Tag Archives: Chanterelles

Leek / mushroom / eggplant pasta

16 Nov

An easy weeknight two-pot meal combining a range of fall ingredients I like.

  • Wash, trim, and chop two leeks (keeping most of the green part as well)
  • Put them in a skillet with a pat of butter on low heat, salt, cover, and let slowly cook for about 30 minutes as they give off water and reduce, until creamy-soft and sweet (stir once every 5 minutes or so)
  • While they’re cooking, skin and dice eggplants (I used 6 tiny eggplants from the garden, could also use one medium eggplant). Add them to the leeks for the last 15 minutes or so of the cooking time.
  • Clean and roughly break up chanterelle mushrooms, add them for the last 3-4 minutes.
  • Boil salty water for pasta, cook the pasta, throw diced green beans in for the last minute.
  • Drain the pasta, add to the skillet, and cook another minute. Serve.


Cod Baked in Foil (Chanterelles, Yuzu, Ginger)

23 Sep

Alas, not a great success, but okay:


I’ve cooked fish in foil once before, and tried something along those lines again at a friend’s potluck. I even got to make this version twice in one night, as we expected a late dinner guest.

The first time through:

  • Preheated the oven to 400
  • Laid out about 3/4 pound of cod on a double-size piece of foil (one layer of cod)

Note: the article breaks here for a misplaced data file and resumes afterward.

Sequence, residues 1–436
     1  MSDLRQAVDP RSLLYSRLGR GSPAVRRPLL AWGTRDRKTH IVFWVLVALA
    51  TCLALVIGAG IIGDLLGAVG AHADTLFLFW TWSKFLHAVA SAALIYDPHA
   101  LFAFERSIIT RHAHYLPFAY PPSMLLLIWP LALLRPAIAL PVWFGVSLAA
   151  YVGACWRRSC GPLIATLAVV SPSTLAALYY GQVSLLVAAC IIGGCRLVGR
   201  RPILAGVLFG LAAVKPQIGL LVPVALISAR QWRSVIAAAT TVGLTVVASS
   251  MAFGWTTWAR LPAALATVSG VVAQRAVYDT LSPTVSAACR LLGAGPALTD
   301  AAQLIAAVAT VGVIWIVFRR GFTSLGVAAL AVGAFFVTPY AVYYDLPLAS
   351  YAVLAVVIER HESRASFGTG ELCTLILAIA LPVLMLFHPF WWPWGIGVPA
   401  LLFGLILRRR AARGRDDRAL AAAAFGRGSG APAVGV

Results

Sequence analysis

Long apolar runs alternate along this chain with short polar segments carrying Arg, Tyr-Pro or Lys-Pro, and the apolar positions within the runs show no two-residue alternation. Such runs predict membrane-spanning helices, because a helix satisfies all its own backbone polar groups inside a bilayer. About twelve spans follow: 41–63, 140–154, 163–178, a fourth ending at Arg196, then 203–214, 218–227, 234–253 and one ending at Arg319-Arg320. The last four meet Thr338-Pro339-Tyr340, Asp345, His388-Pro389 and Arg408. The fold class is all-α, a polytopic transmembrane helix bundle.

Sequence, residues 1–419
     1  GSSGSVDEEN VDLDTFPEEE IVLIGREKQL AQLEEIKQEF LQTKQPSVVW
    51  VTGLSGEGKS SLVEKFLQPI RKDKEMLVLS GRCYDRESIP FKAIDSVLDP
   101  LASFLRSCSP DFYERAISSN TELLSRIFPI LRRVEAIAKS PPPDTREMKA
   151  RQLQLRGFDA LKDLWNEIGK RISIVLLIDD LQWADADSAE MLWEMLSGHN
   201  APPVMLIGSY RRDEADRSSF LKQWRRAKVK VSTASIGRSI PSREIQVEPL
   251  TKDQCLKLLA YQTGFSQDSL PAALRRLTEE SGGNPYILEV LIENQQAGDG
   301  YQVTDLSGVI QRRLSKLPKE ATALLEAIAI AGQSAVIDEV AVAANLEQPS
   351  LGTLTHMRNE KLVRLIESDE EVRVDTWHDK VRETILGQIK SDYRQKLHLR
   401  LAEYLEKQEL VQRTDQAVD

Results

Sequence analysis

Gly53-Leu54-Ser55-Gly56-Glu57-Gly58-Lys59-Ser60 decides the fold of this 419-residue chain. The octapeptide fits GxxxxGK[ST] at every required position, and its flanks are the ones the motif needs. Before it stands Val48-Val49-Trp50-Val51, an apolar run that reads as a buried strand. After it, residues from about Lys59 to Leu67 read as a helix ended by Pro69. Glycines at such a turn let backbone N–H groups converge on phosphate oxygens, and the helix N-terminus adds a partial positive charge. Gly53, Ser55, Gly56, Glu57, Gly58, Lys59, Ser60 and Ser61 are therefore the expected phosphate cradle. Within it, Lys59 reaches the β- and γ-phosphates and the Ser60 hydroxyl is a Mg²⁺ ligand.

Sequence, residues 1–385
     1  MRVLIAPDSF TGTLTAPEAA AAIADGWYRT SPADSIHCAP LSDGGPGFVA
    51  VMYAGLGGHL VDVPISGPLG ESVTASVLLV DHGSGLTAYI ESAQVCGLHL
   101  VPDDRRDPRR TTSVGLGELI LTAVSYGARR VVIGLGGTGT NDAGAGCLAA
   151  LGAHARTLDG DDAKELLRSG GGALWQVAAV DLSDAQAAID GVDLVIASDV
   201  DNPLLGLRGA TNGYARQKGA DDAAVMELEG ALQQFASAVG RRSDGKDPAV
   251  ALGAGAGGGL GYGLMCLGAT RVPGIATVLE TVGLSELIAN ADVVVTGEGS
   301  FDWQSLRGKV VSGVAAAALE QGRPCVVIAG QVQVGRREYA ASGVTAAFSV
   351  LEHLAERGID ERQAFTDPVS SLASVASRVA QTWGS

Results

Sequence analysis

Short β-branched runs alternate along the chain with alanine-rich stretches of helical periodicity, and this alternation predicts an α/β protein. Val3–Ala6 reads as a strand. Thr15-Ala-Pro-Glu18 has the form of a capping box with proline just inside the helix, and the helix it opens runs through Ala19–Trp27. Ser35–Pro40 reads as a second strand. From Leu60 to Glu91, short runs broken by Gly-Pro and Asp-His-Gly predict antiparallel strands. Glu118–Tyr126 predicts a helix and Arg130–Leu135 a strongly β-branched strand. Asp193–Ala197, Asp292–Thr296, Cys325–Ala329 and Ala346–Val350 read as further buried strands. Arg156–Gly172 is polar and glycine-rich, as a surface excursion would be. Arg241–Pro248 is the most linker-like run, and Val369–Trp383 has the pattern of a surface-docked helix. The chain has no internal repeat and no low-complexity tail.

• Covered it with two sliced shallots, rough-sliced ginger root, sliced chanterelles (my favorite mushroom), pats of clarified butter, and about 1 Tbsp of white miso
  • Folded over the foil and crimped it together, like a large empanada…
  • Baked it for about 25 minutes
  • Sprinkled yuzu (a japanese citrus) juice over it and let it rest 10 minutes

It smelled delicious, and the fish was pretty good– but the shallots and especially ginger were still fairly raw and strong, and it wasn’t salty enough (and it sat in a pool of butter I drained). I’d give it a C.

The second time through I made a few changes:

  • Minced the shallots and ginger fine, sauteed them in butter for about 5 minutes until they turned golden brown, then put them on top of the fish
  • Used about 4 Tbsp of white miso instead of 1, added a tiny amount of water to turn it into a smoother paste, then rubbed it on both sides of the fish
  • Added black pepper and a bit of salt to the fish as well
  • Baked it for about 18 minutes
  • Added yuzu and served immediately

This time was better, I’d give it an B. I still think more texture and flavor (something more caramelized, a fish marinated for a while, maybe a fish like salmon) would be better.